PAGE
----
HORNE, Richard Henry, or Hengist (1803-1884)

HORNE, Richard Henry, or Hengist (1803-1884)
was born at Edmonton, near London, on 1 January 1803. He was originally given the names of Richard Henry, but changed his second name to Hengist after meeting a Mr Hengist in Australia who was a good friend to him. His father, a man of means, died early. Horne was sent to a school at Edmonton and then to Sandhurst, as he was designed for the army. He appears to have had as little sense of discipline as A. L. Gordon (q.v.) showed at the Royal Military College, Woolwich, and like him was asked to leave. It appears that he caricatured the headmaster, and took part in a rebellion. He began writing while still in his teens, but in 1825 went as a midshipman to the Mexican expedition, was taken prisoner, joined the Mexican service, travelled in the United States and Canada, returned to England in 1827, and took up literature as a profession. He contributed to magazines and wrote two or three now forgotten books, but in 1837 published two poetical dramas showing ability, Cosmo de Medici and The Death of Marlowe. Another drama in blank verse, Gregory VII, appeared in 1840, and in 1841 he published The History of Napoleon in prose. About the end of 1840 Horne was given employment as a sub-commissioner in connexion with the royal commission on the employment of children in mines and manufactures. This commission finished its labours at the beginning of 1843, and in the same year Horne published his epic poem, Orion, at the price of one farthing, of which three editions were published at that price, and three more at increased prices before the end of the year. Three other editions were published before the end of his life, but the poet never received a penny for himself from this work. He did, however, succeed in bringing it before the public, and it was highly praised by good judges of poetry. A New Spirit of the Age, edited by R. H. Horne, was largely written by himself, though he had some assistance from Elizabeth Barrett and Robert Bell. Other works followed including a novel, The Dreamer and the Worker, which appeared in 1851, and Horne then decided to try his fortunes at the gold-diggings in Australia.
Horne left England in June 1852 and, sailing on the same vessel with his friend William Howitt refer to entry for Alfred William Howitt, arrived at Melbourne in September. Almost at once he was given a position as commander of a gold escort. He was made a commissioner of crown lands for the gold fields, 1853-4, and a territorial magistrate in 1855. It is usually stated that he became a commissioner of the Yan Yean water-supply either in 1858 or 1859, but as he responded for the commissioners at the dinner held on the opening day 31 December 1857, it is clear that he was given the position in that year or earlier. It is unfortunate that his lively Australian Autobiography, prefixed to his Australian Facts and Prospects published in 1859, abruptly breaks off about 1854-5. It is not clear what positions he held after 1859, but apparently he remained in government employ for another 10 years as in 1869, "dissatisfied with the failure of the Victorian government to fulfil what he conceived to be its obligations to him", he returned to England. While in Australia Horne brought out an Australian edition of Orion (1854), and in 1864 published his lyrical drama Prometheus the Fire-bringer. Another edition, printed in Australia, came out in 1866. In this year was also published The South Sea Sisters, a Lyric Masque, for which Charles Edward Horsley, then living in Melbourne, wrote the music. It was sung at the opening of the intercolonial exhibition held in 1866. During the 15 years after his return to England Horne published several books, but the only one which aroused much interest he did not write, the Letters of Elizabeth Barrett Browning to Richard Hengist Horne. He was given a civil list pension of £50 a year in 1874, which was increased to £100 in 1880. He died at Margate on 13 March 1884 leaving behind him much unpublished work. Of his published volumes only the more important have been mentioned here. A more complete list will be found in the British museum catalogue. Horne married a Miss Foggo in 1847, but husband and wife soon parted.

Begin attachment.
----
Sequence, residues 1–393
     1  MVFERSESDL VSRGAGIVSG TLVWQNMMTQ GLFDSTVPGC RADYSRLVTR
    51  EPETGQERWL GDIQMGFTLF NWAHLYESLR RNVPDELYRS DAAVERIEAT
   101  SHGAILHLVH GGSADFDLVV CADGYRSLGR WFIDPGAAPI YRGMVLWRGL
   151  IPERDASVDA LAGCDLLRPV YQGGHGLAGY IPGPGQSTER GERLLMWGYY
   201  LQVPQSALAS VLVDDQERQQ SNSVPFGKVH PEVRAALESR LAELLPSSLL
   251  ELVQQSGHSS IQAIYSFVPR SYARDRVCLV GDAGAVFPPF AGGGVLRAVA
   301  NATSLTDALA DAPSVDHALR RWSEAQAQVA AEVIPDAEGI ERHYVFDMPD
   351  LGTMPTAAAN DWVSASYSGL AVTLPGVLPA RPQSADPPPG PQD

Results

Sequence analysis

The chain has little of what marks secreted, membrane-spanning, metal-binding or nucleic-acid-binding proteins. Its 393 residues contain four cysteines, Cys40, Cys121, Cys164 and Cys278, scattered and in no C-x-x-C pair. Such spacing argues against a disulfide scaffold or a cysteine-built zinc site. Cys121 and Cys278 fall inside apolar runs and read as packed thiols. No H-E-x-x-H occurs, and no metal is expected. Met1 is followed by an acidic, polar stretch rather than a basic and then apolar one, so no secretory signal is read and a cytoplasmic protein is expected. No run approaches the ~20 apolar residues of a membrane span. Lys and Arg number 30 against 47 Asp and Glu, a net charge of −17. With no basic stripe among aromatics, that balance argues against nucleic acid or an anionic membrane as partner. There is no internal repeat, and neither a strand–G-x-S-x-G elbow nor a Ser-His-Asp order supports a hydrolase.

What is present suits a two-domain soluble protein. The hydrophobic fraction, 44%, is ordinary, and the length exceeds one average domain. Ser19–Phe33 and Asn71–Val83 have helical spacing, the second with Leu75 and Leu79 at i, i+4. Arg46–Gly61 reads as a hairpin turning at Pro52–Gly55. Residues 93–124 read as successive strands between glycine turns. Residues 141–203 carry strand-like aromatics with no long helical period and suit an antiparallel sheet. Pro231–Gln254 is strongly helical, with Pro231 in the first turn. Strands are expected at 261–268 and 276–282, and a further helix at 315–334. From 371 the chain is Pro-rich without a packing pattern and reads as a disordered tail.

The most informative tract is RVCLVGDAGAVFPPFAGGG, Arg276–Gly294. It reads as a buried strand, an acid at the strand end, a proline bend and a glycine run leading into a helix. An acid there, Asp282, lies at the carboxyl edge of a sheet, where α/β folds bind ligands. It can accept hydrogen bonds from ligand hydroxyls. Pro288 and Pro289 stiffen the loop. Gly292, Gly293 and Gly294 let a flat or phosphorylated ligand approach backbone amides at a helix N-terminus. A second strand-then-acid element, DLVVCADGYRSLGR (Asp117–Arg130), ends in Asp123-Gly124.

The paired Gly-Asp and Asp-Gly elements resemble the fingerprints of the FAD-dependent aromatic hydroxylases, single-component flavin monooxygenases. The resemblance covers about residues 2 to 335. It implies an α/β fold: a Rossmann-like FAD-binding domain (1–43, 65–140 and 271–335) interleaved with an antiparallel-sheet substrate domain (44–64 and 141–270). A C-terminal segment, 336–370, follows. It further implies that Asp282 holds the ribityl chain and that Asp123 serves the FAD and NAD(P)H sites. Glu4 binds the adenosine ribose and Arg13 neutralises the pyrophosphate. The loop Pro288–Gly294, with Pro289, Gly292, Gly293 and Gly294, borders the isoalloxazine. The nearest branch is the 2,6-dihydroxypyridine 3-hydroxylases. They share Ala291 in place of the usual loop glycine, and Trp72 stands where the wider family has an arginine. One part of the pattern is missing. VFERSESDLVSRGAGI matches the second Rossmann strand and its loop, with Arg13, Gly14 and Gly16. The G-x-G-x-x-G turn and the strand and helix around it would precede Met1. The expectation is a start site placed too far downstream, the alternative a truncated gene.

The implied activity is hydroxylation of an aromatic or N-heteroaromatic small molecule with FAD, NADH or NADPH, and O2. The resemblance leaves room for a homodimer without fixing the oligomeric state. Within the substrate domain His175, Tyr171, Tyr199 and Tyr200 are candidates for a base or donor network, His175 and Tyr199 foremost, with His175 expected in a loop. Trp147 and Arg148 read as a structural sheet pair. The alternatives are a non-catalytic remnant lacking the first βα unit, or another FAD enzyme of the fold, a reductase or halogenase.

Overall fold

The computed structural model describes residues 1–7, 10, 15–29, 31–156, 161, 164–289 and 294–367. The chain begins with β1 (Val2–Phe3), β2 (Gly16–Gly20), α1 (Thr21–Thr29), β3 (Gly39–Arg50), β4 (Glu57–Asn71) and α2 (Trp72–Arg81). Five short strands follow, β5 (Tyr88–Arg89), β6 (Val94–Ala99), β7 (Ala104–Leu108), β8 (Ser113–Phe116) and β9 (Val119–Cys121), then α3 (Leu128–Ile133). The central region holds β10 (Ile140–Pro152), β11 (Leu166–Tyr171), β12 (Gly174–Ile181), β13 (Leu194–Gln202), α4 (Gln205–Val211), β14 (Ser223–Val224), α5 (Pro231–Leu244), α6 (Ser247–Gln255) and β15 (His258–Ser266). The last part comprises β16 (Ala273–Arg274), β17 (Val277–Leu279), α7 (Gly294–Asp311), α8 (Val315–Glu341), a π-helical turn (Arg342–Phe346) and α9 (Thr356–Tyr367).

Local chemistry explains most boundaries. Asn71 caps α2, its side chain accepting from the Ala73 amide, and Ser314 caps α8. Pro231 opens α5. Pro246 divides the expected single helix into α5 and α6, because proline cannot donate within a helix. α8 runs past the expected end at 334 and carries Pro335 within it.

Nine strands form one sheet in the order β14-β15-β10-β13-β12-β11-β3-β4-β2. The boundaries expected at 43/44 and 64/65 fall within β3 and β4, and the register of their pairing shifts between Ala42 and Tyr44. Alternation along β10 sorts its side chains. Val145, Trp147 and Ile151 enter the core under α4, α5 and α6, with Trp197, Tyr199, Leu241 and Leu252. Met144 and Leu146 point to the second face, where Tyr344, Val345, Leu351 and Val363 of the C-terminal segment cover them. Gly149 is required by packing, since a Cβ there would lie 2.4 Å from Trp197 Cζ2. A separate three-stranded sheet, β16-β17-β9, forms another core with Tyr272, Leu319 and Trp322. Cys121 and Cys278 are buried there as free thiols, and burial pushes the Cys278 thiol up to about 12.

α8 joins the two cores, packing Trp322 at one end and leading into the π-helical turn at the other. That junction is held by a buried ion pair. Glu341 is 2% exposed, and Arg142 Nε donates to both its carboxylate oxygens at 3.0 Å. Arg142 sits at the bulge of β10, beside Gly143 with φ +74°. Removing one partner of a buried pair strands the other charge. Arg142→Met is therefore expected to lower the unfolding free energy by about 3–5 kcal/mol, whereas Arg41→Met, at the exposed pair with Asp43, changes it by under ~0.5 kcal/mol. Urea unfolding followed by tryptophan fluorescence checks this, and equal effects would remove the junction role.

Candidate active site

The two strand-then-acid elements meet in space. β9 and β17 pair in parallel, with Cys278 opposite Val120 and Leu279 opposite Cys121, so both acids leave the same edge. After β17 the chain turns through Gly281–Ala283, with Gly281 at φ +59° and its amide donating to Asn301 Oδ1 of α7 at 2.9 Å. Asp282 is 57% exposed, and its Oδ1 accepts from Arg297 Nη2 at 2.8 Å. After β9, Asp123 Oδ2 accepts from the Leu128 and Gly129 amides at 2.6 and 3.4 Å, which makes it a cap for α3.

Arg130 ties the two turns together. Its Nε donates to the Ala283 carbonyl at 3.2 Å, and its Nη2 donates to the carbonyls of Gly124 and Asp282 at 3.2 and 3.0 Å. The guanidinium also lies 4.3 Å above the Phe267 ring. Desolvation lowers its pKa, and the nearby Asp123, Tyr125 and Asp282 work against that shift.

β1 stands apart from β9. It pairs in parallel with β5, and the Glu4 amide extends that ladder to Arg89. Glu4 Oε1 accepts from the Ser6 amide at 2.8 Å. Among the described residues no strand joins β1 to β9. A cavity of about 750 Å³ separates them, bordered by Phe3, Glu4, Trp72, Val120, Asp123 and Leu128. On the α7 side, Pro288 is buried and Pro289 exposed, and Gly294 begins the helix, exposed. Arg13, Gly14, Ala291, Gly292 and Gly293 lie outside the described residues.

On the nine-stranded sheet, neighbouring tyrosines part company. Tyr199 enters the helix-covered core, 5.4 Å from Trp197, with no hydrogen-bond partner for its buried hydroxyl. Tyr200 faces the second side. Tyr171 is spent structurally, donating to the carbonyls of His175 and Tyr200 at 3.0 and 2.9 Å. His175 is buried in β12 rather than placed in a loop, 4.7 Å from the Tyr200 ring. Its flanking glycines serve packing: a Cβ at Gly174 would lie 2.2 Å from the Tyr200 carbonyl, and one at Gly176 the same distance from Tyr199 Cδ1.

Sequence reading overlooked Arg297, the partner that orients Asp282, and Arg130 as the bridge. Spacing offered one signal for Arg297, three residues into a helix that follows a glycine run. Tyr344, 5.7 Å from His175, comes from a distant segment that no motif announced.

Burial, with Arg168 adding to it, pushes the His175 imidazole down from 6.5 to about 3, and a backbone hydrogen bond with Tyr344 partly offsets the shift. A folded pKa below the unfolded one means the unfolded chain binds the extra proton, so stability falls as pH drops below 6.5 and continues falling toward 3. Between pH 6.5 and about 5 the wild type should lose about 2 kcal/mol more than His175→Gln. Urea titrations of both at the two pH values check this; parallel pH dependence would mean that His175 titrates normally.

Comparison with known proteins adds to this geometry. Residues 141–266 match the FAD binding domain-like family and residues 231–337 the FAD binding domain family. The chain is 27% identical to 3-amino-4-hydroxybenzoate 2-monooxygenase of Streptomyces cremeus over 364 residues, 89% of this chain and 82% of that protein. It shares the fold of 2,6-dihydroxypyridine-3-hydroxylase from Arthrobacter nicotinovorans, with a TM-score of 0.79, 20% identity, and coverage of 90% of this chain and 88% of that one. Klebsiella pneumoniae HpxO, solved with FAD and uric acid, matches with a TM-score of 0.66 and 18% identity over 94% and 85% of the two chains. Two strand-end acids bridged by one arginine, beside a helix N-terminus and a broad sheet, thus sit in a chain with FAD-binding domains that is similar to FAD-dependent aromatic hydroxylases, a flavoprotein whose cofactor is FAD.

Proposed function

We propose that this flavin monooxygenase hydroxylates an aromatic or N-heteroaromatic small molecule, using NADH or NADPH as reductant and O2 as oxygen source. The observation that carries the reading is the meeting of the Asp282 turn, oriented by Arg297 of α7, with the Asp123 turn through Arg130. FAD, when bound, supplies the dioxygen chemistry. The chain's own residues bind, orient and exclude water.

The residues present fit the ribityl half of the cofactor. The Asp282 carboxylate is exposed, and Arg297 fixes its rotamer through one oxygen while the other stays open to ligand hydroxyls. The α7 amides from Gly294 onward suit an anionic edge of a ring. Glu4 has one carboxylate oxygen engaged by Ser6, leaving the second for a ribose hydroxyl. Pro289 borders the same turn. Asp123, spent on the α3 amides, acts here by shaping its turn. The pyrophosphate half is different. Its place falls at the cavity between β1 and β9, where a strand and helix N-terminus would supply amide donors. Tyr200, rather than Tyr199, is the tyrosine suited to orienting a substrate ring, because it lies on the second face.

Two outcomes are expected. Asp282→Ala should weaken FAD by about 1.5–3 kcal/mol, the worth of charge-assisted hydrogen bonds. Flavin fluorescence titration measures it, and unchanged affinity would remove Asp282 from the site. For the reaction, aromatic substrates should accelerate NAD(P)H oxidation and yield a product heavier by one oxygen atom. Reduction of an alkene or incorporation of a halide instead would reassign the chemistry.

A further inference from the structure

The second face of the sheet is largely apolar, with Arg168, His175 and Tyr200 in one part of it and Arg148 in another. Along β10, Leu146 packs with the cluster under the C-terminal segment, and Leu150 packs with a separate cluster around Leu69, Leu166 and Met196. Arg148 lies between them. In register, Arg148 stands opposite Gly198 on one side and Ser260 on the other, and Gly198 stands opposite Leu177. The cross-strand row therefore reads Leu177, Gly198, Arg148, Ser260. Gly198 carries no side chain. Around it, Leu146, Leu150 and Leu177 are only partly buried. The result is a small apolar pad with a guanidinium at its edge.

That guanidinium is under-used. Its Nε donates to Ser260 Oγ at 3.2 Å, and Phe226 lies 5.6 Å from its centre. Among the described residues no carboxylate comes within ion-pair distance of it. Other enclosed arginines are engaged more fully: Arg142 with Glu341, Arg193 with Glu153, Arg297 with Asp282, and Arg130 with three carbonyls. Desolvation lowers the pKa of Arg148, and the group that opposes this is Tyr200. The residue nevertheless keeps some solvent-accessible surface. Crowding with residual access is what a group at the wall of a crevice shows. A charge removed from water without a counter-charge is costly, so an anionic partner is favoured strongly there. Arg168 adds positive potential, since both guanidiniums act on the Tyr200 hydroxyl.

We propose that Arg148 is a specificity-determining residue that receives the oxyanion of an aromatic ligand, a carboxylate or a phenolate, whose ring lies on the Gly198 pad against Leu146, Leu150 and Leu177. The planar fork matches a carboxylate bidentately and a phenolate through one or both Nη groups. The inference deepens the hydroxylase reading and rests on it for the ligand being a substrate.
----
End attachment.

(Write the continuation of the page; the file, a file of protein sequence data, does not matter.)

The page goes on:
Horne was below medium height, strong and athletic, a fine swimmer. He had a too active brain and a too fluent pen, and never realized that even a quarter might be greater than the whole. But, however little read it may be, Orion remains one of the finest poems of its kind in English literature, and his Death of Marlowe is a masterpiece in little, far superior to most of the dropsical dramas written by other poets of his time. He did very little writing in Australia, but A. Patchett Martin (q.v.), in an article on Horne in the Academy (29 March 1884), spoke of the "impetus he gave to Australian literature during his 17 years of colonial life". This may have been so, though it is now difficult to find the evidence. Literature was certainly very much alive in Melbourne about the time of Horne's departure, and it is possible that this was more due to his influence than has been hitherto realized.
H. Buxton Forman in Nicholl and Wise's Literary Anecdotes of the Nineteenth Century, vol. I; Erie Partridge, Introduction to Orion, 1928 ed.; Sir Ernest Scott, The Argus, Melbourne, 18 August 1928; Hugh McCrae, The Bulletin, 13 February 1929.

Dictionary of Australian Biography by PERCIVAL SERLE. . 1949.

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